A trio of House Democrats on Wednesday introduced a bill to eliminate the debt ceiling so that the Treasury Department would be able to borrow money without limit.
Rep. Jim Moran (D.-Va.), one of the co-sponsors of the proposal, said that imposing a legal limit on the national debt is a “danger” to the country.
“The debt limit is an unnecessary and counterproductive legislative hurdle that has proved to be both an ineffective means of controlling deficits and a danger to this country’s standing in the financial markets,” Moran said.
The debt limit “poses a serious, recurring threat to the full faith and credit of the United States of America,” Moran said. He called it a “legislative relic” that has been “weaponized” by Republicans for political reasons.
At a news conference introducing the bill, Rep. Hank Johnson (D-Ga.), also a co-sponsor of the bill, said: “We’re here, ladies and gentlemen to abolish the debt ceiling.”
“This is a pretty simple issue, ladies and gentlemen,” Johson said. “There is no reason to have a debt ceiling at all. That’s why there is one other Western democracy with such a policy. You see, when Congress directs federal spending, it assumes responsibility for allowing the Treasury to what it needs to do to pay for it, period.”
Johnson said that last month’s political battle over increasing the debt limit “undermined the American people’s trust in its political leadership.” (Recent opinion polls give Congress an even lower favorability rating than President Obama.)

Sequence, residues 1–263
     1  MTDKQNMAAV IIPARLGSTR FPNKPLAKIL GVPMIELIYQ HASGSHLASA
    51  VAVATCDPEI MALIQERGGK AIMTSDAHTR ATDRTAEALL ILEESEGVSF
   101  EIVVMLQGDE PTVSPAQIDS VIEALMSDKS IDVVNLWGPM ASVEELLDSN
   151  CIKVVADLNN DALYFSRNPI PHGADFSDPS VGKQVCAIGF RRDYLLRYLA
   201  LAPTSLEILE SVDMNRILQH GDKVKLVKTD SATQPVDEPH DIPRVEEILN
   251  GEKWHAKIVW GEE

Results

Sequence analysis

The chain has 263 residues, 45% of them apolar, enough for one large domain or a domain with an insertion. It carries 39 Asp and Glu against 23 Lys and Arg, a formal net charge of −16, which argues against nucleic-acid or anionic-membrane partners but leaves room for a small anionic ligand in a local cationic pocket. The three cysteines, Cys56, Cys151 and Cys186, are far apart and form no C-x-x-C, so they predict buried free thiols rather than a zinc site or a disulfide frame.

The Democrats’ bill has no chance of passing the Republican-controlled House.
The debt limit, first established by Congress in 1917, is the total amount of money that the United States government is authorized to borrow to meet its existing legal obligations.
According to the Congressional Research Service, the debt limit provides Congress with the strings to control the federal purse.
It also imposes fiscal accountability, compelling Congress and the president to take visible action (most recently, a very public battle) to allow further federal borrowing when the federal government spends more than it collects.
Along with Rep. Moran and Rep. Johnson, Rep. Jerry Nadler (D-N.Y.) is also co-sponsoring the bill to abolish the debt limit.